This is my latest book review for the Financial Times. The version in the newspaper can be read here.
Protests such as Occupy Wall Street and the demonstration outside London’s St Paul’s Cathedral have probably only intensified the popular preoccupation with the lives of the rich. Slogans such as “we are the 99 per cent” naturally raise questions about the remaining 1 per cent. Of course, the wealthy have long been the subject of both fascination and condemnation. Popular television series such as the UK’s Downton Abbey and the USA’s Real Housewives, along with teen dramas such as 90210, Gossip Girl and The OC, give a voyeuristic glimpse into the supposed lives of the loaded. At the same time high-profile media figures such as Arianna Huffington, Paul Krugman, Joseph Stiglitz and Elizabeth Warren bemoan widening inequality in US society.
The publication of The High-Beta Rich therefore comes at an opportune time. Robert Frank, a veteran Wall Street Journal writer, presents vivid sketches of how the rich, and the formerly rich, really live. He also advances some interesting ideas on how the nature of the wealthy has changed since 1982. His book is a sequel to Richistan, published in 2007, in which he profiled the lives of the rich before the recent financial bust.
Frank’s new book is based on interviews with more than 100 people with net worths (or former net worths) of $10m or more. These include the Blixseth family, former billionaires who had to lay off all 110 staff in their enormous residence; the Siegels, who had to abandon the largest private house in the US before it was completed; and Jack Warner, who built a fortune from various business, but ended up a penniless handyman.
It is also a tale of how the financial crash has affected the US more generally. It includes numerous unemployed butlers, unoccupied mansions and falling tax revenue for fiscally-pressed state governments. In addition, Frank tells the story of upmarket repo men who specialise in repossessing planes, yachts and the like from indebted millionaires.
The “high-beta” in the book’s title refers to how the nature of wealth has changed since the 1980s. A high-beta investment is one that is relatively volatile. For instance, if a stock moves, say, 2 per cent a day on average while the market moves by 1 per cent it is said to be a high-beta stock. The high-beta rich are those who made much of their wealth from volatile financial assets.
Frank argues that 1982 was a watershed year for the wealthy. That was when the incomes of the top 1 per cent started to drift out of line with those in the rest of the economy. He points to three reasons why that year was a turning point in the nature of wealth: deregulation and pro-government policies; technological innovation; and financial speculation.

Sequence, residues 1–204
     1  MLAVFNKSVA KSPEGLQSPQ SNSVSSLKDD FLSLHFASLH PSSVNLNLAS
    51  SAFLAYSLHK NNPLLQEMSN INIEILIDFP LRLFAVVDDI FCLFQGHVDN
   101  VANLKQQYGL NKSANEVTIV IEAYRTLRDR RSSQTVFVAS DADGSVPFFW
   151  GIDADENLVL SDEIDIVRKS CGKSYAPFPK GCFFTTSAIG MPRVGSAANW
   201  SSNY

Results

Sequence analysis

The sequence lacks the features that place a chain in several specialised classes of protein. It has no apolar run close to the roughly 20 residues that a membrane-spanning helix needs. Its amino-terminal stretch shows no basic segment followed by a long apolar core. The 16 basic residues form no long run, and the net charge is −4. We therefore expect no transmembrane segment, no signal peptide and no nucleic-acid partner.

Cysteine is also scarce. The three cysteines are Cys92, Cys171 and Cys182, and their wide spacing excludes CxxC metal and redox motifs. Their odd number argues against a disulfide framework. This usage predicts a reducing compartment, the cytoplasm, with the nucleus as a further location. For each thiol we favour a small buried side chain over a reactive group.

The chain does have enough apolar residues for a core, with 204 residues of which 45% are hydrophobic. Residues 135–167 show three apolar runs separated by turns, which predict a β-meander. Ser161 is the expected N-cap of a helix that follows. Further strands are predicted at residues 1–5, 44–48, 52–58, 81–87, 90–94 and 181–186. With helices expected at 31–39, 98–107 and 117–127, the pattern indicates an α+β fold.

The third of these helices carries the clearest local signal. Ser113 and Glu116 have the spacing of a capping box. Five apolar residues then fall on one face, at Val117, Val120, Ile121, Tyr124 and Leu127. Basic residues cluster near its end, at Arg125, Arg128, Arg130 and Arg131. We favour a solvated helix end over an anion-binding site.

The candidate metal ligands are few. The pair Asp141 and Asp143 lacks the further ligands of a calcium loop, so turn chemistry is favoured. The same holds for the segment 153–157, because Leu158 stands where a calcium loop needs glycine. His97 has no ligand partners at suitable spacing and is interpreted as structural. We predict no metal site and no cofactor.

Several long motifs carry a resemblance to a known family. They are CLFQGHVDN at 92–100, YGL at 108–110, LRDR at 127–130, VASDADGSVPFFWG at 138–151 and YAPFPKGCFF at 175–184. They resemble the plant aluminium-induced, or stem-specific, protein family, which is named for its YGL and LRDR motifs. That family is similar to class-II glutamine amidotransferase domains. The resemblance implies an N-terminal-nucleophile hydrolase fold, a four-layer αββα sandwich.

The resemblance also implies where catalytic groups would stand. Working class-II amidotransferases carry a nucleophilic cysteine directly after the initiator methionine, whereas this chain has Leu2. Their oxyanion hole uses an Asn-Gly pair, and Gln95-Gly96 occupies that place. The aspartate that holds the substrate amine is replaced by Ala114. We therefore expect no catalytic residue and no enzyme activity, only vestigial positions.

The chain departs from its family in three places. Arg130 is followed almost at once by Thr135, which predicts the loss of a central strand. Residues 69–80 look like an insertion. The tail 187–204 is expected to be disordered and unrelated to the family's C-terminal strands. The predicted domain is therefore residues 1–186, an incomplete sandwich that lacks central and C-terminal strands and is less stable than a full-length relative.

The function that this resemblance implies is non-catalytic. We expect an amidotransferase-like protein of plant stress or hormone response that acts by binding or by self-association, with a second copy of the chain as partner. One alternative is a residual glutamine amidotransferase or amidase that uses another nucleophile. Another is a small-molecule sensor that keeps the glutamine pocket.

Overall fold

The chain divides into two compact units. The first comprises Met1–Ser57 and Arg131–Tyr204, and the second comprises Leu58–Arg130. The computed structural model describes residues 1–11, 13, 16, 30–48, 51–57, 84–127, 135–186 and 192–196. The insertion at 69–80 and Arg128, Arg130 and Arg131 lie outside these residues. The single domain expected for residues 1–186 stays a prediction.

The rich gained enormously as the financial bubble bolstered their incomes, although they also lost heavily after the Lehman crash of 2008. Of course, losing a personal Gulfstream jet or private yacht can still leave many of the super-rich hugely wealthy.
Although the book is both astute and entertaining, it is let down by a disappointing epilogue, entitled “the future of high-beta wealth”. The epilogue claims to offer five tips to help governments, companies and individuals survive in the age of high-beta wealth. In the event, it provides broader observations on the nature of wealth, many of which are highly questionable.
Most strikingly, Frank endorses the argument put forward by Alan Greenspan, a former chairman of the Federal Reserve, that the stock market drives the economy. As Frank puts it: “In an economy dominated by the rich, S&P is the new GDP.” In confusing real wealth and paper wealth, Frank echoes the mistake made by many of the high-beta rich whom he profiles.
If someone has a stock portfolio of, for example, $100m, it does not represent real wealth. Rather it is a claim on the profits that it is believed the underlying companies are likely to make in the future. If expectations change, the value of the portfolio can easily slump, as many of the wealthy have discovered to their horror.
The confusion between real wealth and paper wealth helps explain why many of the rich were surprised to see their fortunes plummet from 2008 onwards. It is also an obstacle to understanding the forces that drive the creation of prosperity.
The High-Beta Rich: Why the unstable super-wealthy will lead us to the next boom, bubble and bust, by Robert Frank, Crown Business.
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